In the second case, a three-judge panel of the U.S. Court of Appeals for the District of Columbia Circuit upheld a lower court's decision in 2008 affirming the continued detention of a former cook for Taliban forces. He is Ghaleb Nassar Al Bihani, a citizen of Yemen who was captured in Afghanistan. Held at the U.S. naval base in Cuba since 2002, al Bihani carried an assault rifle for the 55th Arab Brigade, a paramilitary group allied with the Taliban in Afghanistan, but claims he never fired a shot in battle.

The court unanimously rejected Al Bihani's appeal. But two judges appointed by President George W. Bush went even further. Bush appointees Janice Rogers Brown and Brett Kavanaugh said detainees are not entitled to the same rights given criminal defendants who challenge their convictions.

In 2008, the Supreme Court said the Guantanamo detainees have a constitutional right to go into federal court to challenge their imprisonment. But the court did not spell out the extent of that right.

As a result, federal judges have reached often contradictory conclusions about the detainees' legal rights and whether the government has the power to continue holding them.

This decision can be appealed either to the full appeals court or to the
Supreme Court. If it is not challenged successfully, it could apply to every other detainee case filed in Washington and provide the government with a compelling basis to challenge any court order to release a detainee.

Legal authorities said the decision will make it more difficult for some detainees to win release through federal lawsuits challenging their confinements because it so robustly supports the government's authority, legal experts said.

The two Bush appointees rejected attempts by human rights groups and detainees' lawyers to have the courts apply principles from "the laws of war" to detention decisions.

This group of international laws, treaties and long-standing legal practices would probably curtail the government’s ability to detain people such as Bihani indefinitely, his defenders believe.

A large majority of the prisoners still held at Guantanamo Bay is from Yemen. In the aftermath of the political backlash triggered by the disclosure that the would-be bomber of the Detroit-bound airliner was given his explosive device by Al Qaeda in Yemen, the Obama administration decided to suspend release of any Yemeni detainees, many of whom have been cleared for release.

How September 10th!

By William Fisher

Civil liberties advocates and organizations representing Muslims believe the Obama administration’s decision to require extra scrutiny for travelers to the U.S. from 14 predominantly Islamic countries will lead to practices that are discriminatory and ineffective.

The Obama administration announced Sunday it will subject the
citizens of 14 nations who are flying to the United States to intensified screening at airports, including being subjected to full-body pat downs or body scanners.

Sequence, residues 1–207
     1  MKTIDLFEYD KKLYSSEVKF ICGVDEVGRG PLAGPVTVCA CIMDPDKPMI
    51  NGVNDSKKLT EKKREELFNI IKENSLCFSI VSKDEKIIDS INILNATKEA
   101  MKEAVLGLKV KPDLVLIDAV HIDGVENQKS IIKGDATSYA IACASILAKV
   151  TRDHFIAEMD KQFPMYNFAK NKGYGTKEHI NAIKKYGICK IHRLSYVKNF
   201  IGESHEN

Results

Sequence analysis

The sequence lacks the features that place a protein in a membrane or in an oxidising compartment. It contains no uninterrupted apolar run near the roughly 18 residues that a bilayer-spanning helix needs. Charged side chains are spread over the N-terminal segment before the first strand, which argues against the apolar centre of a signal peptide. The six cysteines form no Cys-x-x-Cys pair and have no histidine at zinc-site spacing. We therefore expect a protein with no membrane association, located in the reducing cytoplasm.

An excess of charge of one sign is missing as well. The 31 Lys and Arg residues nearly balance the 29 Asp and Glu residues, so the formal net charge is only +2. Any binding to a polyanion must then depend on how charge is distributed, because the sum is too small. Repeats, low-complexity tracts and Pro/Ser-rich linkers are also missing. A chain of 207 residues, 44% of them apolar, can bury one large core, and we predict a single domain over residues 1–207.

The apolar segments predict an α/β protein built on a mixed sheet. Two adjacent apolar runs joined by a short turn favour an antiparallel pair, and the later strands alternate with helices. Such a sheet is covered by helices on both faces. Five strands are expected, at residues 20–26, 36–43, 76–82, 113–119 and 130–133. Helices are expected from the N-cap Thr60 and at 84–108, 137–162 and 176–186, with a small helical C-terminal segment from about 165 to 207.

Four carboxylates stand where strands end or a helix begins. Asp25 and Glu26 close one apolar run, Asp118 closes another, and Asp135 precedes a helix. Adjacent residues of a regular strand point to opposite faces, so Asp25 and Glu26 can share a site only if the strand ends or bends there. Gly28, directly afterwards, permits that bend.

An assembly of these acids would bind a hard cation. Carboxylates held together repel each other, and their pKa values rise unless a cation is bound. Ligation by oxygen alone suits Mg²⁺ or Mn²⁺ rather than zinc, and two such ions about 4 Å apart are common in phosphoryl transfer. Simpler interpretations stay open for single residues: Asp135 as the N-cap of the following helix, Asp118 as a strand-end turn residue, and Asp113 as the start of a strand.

Under the new rules, all citizens of Afghanistan, Algeria, Lebanon, Libya, Iraq, Nigeria, Pakistan, Saudi Arabia, Somalia and Yemen must receive a pat down and an extra check of their carry-on bags before boarding a plane bound for the United States, officials said. Citizens of Cuba, Iran, Sudan and Syria — nations considered “state sponsors of terrorism” — face the same requirement.

In a statement, the Transportation Security Administration (TSA), part of the giant Department of Homeland Security (DHS), said a majority of all other U.S.-bound international travelers -- not just from the 14 countries -- will also face random and threat-based enhanced screening.

But the agency denied that the new regulations amount to profiling. "TSA does not profile. As is always the case, TSA security measures are based on threat, not ethnic or religious background," spokesman Kristin Lee said.

“We are only as strong as our weakest point,” said Cindy Farkus, the head of global security programs at the Transportation Security Administration. “We are always trying to stay ahead of where the emerging threats might be.”

But the Muslim Public Affairs Council (MPAC) told us that the new TSA guidelines were “a political solution to a security problem.” MPAC’s Communications Director, Edina Lekovic, urged the adoption of behavior-based screening rather than profiling, and called the TSA guidelines “a lazy solution that may make us feel good, but in fact merely creates blind spots that make us less safe.”

“These ‘blind spots’ can be identified and exploited by violent extremists. Furthermore, the new policy deeply undermines the Obama administration's stated commitment to civil rights, equality before the law, and a much-needed effort to rebuild U.S.-Muslim world relations,” she added.

Lekovic also disclosed reports she has received from members of her constituency that TSA screeners at Washington DC’s Dulles airport have been instructed to carry out additional inspections of women wearing headscarves. These reports could not be immediately confirmed with the TSA.